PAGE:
Monthly Archives: June 2009

Lemon Rosemary Olive Oil Cake

OK.

It’s official.

I need an intervention.

My love of rosemary and lemon have reached new levels of ridiculousness.

Cake slice

And here’s how I know that.

As some of you may know, I write for the Calgary Herald’s Real Life section on occasion. I like to pitch the topic in advance, just in case it’s going to clash with any of the other upcoming articles the editor may have planned.

Me: Here’s what I’m thinking: Lemon Rosemary Olive Oil Cake

(Pause)

Her: Lemon?

Me: (confused) …Yes…?

Her: Wasn’t your last thing on lemon? And, um, the one before that?

Me: Okey-dokey. I’ll figure something out. Maybe I should do a boozy recipe….

Her: Good idea.

It was only when I got back to my desk and looked up the drink recipe I had added to my to-do list that I realized I may have a problem: Vodka Rosemary Lemonade Fizz.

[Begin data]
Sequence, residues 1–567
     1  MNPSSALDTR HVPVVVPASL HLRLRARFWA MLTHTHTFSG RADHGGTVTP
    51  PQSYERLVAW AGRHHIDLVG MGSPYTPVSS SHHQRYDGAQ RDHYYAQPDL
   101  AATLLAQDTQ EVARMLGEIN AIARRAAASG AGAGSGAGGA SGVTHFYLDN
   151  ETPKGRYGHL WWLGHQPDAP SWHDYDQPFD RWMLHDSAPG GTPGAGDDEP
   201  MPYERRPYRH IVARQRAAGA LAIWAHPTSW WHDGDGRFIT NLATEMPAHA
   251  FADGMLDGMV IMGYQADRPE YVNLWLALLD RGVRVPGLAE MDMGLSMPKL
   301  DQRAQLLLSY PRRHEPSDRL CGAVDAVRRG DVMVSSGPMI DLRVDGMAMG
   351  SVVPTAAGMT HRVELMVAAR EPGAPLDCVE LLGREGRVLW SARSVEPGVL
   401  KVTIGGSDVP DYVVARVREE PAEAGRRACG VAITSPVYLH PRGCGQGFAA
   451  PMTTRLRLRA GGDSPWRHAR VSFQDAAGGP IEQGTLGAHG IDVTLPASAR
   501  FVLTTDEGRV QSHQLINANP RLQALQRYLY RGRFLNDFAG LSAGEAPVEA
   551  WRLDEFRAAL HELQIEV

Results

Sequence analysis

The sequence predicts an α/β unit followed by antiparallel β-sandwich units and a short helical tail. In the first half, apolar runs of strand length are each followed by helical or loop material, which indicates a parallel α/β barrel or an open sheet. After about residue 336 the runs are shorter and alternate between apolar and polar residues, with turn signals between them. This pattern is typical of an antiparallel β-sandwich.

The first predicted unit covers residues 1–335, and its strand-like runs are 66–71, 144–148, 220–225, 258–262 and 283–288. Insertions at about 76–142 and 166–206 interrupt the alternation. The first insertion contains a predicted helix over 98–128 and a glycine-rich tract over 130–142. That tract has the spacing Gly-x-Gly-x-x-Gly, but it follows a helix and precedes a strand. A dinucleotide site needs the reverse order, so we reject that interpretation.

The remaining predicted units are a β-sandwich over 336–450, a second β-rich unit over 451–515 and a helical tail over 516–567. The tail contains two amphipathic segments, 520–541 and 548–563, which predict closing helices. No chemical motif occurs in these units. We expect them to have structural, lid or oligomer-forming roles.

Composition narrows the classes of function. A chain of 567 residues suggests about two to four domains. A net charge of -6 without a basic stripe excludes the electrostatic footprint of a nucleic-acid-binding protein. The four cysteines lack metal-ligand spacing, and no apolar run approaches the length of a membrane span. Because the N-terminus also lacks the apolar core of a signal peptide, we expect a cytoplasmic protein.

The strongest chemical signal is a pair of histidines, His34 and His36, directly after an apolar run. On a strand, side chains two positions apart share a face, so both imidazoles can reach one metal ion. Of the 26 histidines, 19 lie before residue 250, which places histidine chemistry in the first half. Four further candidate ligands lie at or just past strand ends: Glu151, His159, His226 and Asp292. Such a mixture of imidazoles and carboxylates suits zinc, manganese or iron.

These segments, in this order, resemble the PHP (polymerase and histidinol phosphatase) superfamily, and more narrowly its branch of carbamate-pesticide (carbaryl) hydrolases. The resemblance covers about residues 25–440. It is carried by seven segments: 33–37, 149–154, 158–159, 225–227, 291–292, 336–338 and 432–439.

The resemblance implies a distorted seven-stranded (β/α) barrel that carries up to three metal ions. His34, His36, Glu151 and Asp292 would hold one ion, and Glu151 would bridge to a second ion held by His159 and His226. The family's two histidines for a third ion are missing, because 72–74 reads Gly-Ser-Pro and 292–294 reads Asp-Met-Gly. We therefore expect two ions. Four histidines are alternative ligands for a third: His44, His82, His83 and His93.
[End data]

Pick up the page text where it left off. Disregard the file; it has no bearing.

Damn you, lemon, why do I love you so? And, uh, rosemary too.

Lemon and Rosemary

But, just because I couldn’t write it for the Herald didn’t mean this bad boy (and, at some point down the road, the vodka recipe too) wasn’t going to get made. After all, one can only deny their love for lemon desserts for so long. And, let’s face it, it was raining and snowing and sleeting out at the time, so what was a girl to do? Bake.

This is adapted slightly from Julie’s recipe (over at Dinner with Julie). Her original recipe calls for a finely chopped or grated pear. I omitted it this time around, but will be tempted to throw one in next time.

Olive Oil

Studded with rosemary

Golden cake

Lemon Rosemary Olive Oil Cake

  • 4 large eggs
  • 3/4 cup sugar
  • grated zest and juice of a lemon
  • 1/2 cup regular or extra virgin olive oil or canola oil
  • 1 1/2 cups all-purpose flour
  • 2 tsp. baking power
  • 1/4 tsp. salt
  • 2 sprigs of rosemary, leaves stripped off and chopped
  • a couple more sprigs of rosemary to decorate the top (optional)